5. Well I hope the dermatologist can pinpoint the rash problem. I still have marks from the bug bite almost three months ago. The initial bug bite went away but I had tape burns so I got the Tegaderm clear dressing which still caused tape burns, just around the edges. You can’t use Neosporin with Tegaderm. I am on the second box of Tegaderm and keep moving the bandage over a little … it may never heal. The tick issues here are scary; I read an article on the Refuge site on Facebook – ticks are the size of a sesame seed. We finally had a good day, no wind today, but I had to go for allergy shots first. We’ll have your weather Thursday and all next week. We got down to 48 last night!

          6. Seems like the treatment is/was worse than the original bug bite! Well, the dermatologist didn’t know what to make of the rash so she took a biopsy. I have to wait until Wednesday next week for the results. Meanwhile, the steroid is lessening the burning itchiness. I don’t enjoy dealing with uncertainty.

          7. Yes and I had to loosen the bandage last night as it was aggravating and making a red welt in a new spot. My mom had the same problem and used paper tape and I now wish I’d just bought some paper tape and gauze for the bite. These bandages are waterproof and you can leave them on seven days, but because you can’t put any ointment on them, it doesn’t heal quickly. I hope your biopsy tells you the answer – perhaps just a plant rash, but not poison ivy. My friend lives in NY and will go out to pull weeds in socks, long pants and a long shirt and come inside with a rash on her arms and legs anyway. The doctors don’t know what it is and sometimes she isn’t even outside and gets a rash. They suggest it is stress, but years and years of testing and no answer for her.

          8. I’ve never bandaged a spider bite or bug bite before, they seem to heal all right without that kind of barrier. A little cortisone cream dries soon enough without coverage. Maybe you could do without all the irritating bandage problems? I’ve had stress rashes before and that’s what I thought this one was at first. But it kept getting worse. Steroids took care of the itching now and I’m keeping my fingers crossed about the biopsy.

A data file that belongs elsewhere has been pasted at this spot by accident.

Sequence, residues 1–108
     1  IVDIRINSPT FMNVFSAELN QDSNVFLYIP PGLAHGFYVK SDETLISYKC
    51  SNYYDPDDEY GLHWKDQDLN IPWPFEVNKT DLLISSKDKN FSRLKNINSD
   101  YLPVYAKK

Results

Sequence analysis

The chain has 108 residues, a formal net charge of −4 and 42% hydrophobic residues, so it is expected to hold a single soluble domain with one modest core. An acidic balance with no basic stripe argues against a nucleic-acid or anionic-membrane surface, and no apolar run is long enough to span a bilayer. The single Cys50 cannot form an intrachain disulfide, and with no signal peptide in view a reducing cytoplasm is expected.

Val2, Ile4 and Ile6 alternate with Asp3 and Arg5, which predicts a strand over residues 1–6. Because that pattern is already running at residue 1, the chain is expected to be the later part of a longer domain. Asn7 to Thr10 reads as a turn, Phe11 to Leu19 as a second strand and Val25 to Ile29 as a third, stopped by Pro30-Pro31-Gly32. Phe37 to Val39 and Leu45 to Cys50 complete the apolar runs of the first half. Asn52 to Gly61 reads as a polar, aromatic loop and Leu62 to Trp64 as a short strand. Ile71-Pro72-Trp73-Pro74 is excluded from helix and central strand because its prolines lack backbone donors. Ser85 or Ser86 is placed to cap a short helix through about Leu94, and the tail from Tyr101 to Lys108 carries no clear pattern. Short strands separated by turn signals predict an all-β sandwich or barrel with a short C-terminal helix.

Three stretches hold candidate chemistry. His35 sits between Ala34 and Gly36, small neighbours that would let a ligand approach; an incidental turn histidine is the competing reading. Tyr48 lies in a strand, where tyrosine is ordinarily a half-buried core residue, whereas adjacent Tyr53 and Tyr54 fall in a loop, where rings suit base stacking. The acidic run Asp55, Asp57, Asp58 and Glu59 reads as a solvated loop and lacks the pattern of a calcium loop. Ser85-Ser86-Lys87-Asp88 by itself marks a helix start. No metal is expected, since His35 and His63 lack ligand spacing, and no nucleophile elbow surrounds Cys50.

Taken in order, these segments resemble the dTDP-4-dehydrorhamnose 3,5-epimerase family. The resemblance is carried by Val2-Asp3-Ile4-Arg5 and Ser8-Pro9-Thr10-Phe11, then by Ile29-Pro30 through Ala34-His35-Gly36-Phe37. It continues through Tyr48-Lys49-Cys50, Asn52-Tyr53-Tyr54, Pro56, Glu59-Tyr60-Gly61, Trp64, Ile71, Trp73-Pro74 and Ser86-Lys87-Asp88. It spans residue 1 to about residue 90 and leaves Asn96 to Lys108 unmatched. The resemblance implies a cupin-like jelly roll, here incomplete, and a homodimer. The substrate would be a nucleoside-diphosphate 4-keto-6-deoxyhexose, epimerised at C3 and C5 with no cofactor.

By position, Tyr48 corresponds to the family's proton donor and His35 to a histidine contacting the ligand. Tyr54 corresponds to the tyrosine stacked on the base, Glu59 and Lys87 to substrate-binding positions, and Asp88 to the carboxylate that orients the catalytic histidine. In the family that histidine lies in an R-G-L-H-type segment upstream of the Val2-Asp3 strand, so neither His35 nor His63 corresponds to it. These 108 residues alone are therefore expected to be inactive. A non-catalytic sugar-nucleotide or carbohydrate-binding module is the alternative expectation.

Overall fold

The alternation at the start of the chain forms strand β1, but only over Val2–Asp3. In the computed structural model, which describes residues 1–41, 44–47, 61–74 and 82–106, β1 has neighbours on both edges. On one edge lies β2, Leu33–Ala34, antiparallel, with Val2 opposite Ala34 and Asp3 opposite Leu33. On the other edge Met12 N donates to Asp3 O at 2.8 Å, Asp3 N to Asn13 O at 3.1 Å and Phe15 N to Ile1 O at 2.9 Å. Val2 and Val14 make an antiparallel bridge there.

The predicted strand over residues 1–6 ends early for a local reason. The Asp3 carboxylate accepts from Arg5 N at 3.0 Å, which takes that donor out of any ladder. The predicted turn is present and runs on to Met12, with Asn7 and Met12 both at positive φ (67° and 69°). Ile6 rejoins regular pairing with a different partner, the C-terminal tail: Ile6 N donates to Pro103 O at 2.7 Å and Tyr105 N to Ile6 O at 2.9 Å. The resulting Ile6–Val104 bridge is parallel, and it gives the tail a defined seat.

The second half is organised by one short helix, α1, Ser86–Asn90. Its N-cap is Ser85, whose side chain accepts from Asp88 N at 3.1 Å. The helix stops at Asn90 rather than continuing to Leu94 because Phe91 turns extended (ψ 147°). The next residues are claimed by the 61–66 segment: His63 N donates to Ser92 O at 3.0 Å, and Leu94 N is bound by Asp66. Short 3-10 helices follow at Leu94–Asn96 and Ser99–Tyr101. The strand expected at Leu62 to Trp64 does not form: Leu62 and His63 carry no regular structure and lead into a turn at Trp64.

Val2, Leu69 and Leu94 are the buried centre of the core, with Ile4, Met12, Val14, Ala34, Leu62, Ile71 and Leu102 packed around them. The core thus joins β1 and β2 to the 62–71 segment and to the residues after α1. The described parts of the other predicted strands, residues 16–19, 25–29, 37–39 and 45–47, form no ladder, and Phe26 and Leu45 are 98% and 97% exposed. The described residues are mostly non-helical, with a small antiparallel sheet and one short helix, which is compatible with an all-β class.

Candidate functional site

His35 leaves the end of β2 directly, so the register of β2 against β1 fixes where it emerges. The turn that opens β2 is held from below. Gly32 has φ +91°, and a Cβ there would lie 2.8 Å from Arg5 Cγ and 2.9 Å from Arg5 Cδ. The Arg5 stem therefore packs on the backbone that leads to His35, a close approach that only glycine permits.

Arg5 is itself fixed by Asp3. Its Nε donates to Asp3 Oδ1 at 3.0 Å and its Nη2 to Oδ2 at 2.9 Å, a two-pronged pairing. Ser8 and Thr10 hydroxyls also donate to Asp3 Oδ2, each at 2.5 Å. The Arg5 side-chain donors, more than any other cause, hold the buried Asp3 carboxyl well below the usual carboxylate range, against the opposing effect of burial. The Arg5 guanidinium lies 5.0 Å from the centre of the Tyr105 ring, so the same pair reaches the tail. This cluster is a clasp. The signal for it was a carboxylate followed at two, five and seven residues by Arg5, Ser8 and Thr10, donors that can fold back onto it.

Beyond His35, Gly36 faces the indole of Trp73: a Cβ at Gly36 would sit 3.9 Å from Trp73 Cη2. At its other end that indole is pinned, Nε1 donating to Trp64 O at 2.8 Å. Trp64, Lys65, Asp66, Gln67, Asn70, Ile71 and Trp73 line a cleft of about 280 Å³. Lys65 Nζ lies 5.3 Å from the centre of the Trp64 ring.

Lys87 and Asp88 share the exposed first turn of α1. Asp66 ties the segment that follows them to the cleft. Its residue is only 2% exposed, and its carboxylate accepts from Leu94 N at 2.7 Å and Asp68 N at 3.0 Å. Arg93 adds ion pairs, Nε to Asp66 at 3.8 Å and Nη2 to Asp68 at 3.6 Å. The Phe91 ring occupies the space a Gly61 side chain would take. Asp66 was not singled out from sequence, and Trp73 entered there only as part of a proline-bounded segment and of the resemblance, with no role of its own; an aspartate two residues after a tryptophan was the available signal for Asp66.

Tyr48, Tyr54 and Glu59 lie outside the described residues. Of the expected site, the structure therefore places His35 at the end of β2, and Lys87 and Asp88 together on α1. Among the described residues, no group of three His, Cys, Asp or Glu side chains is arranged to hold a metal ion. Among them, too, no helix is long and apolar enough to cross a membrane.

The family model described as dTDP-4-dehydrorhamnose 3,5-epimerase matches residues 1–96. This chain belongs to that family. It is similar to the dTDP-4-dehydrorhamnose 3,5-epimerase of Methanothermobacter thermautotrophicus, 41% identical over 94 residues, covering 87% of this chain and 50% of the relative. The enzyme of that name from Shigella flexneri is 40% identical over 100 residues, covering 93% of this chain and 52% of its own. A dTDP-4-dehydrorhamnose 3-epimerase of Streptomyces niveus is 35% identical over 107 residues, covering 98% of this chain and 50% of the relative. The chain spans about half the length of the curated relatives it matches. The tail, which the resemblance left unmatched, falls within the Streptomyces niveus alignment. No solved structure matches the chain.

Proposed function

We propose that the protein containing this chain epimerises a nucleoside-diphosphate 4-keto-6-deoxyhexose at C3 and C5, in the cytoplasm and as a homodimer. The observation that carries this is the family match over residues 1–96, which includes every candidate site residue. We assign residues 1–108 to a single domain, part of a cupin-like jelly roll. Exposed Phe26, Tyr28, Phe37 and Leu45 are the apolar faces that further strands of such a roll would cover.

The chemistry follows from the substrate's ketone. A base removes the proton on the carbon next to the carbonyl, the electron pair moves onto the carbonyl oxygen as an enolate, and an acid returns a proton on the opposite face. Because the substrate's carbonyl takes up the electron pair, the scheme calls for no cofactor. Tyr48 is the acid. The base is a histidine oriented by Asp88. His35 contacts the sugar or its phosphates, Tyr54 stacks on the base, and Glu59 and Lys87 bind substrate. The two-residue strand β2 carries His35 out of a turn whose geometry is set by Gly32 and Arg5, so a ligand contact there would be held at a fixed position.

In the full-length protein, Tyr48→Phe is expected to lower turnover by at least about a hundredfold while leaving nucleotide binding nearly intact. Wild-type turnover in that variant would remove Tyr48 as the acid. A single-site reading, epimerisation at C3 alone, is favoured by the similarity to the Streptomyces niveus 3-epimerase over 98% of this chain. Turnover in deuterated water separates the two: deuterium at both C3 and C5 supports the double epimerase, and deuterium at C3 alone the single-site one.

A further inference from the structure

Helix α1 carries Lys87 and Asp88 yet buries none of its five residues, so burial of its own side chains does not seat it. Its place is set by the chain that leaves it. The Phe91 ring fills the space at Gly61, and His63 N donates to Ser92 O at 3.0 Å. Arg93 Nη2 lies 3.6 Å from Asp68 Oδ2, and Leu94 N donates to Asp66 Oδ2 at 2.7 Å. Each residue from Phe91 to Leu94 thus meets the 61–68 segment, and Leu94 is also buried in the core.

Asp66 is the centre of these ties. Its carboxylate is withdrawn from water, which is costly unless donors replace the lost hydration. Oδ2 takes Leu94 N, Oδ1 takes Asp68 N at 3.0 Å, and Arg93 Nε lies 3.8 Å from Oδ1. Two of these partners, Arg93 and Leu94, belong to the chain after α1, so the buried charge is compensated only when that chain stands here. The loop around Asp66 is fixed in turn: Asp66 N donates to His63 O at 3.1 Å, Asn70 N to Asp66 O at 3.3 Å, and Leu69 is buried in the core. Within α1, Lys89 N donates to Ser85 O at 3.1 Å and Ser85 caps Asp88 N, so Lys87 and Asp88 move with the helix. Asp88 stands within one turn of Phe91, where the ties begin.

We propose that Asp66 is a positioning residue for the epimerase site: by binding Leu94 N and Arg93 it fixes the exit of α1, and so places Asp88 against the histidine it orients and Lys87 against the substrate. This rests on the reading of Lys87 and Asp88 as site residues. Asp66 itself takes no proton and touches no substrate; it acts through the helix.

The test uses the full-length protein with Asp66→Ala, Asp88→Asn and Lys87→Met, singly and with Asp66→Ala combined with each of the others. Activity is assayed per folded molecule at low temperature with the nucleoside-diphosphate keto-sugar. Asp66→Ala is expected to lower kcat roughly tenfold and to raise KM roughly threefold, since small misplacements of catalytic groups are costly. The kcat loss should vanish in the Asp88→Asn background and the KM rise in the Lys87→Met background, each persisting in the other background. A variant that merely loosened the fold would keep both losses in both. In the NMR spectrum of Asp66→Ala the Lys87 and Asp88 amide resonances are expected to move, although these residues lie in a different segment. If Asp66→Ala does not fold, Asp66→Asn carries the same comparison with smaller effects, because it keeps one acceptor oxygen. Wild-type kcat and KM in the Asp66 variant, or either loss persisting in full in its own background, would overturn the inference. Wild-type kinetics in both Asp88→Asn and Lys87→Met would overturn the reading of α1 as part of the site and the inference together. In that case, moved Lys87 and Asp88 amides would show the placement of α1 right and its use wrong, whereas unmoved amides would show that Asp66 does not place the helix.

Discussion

9. I never bandaged a bug bite before either, but this one got infected … I was worried what bit me to be honest. I get those little ants every Spring but didn’t have hardly any this year, which I put down to our mild Winter, so there was no big eruption once the warm weather arrived. I only get them on one side of the house and that’s my bedroom, bathroom and kitchen. I didn’t think it was an ant bite, but worried it was a spider or centipede got into my bed overnight … I am so scared of them, the thought of one of them on me was worse than thinking about the bite. I’ll keep my fingers crossed for you as you await the biopsy results.

          10. Thanks, Linda. I do hope your bite and bandage allergy resolve themselves soon. You didn’t need all that worry and aggravation at the start of your retirement adventures!

  2. Hi Barbara, I’m glad that you decided to venture out to the Botanical Gardens again! The woodland pinkroot sure looks tiny and delicate. I enjoyed seeing what bronze fennel looks like in plant form.
    I use small amounts of fennel seeds in my diet and teas for the variety of health benefits. Wishing you both speedy recovery!

    1. Thank you so much, TD! I do love the flavor of fennel and it’s nice to know it has health benefits, too. The woodland pinkroot was so pretty and I’m glad I had a chance to see it, sick or not. 🙂

  3. The phlox is lovely, but my favorite might be the coneflower. Thus far, I haven’t had success growing them, but I keep hoping! I’ve never heard of golden tickseed or crow poison. Thank you for venturing out, despite your not feeling 100 percent. Here’s hoping the colds go away soon!

    1. Thank you, Debbie! I used to grow purple coneflowers even though they wound up looking scraggly most of the time. My grandmother always had phlox in her garden and it brought back some lovely memories to see it down here. Like you, I never heard of golden tickseed or crow poison before!

    1. Thank you, Susie! I’m going to try to get over there whenever we get breaks in the humidity this summer. 🙂

  4. I enjoyed this walk in the garden so much, Barbara. Thanks for the beautiful quotes and lovely photos. I’m sorry you are now sick with laryngitis, though.

    1. Thank you so much, Jet. I’m glad you enjoyed the photos and quotes from this summery walk. 🙂 There’s always something new to see every time we visit the garden.

    1. Although golden tickseed supposedly grows all across the country I bet it does much better in some places. I don’t remember it in Connecticut but it seems to be a thing down here. Glad you enjoyed the photo!

    1. Thank you, Tracy! Thank you so much for your well wishes, this cold was definitely a force to be reckoned with.

  5. Hope you are feeling better as I am reading this a week after you posted. Love your photos. Making me want to get out for a nice walk myself. Life has been a bit crazy recently, so hoping that it calms a bit and I can do this soon.

    1. Thank you, Karma. I’m feeling better but still have some lingering symptoms which are dragging me down. 🙁 I hope you do get a chance for a nice walk soon as now is a beautiful time of year up north there, as I recall. 🙂 Hang in there!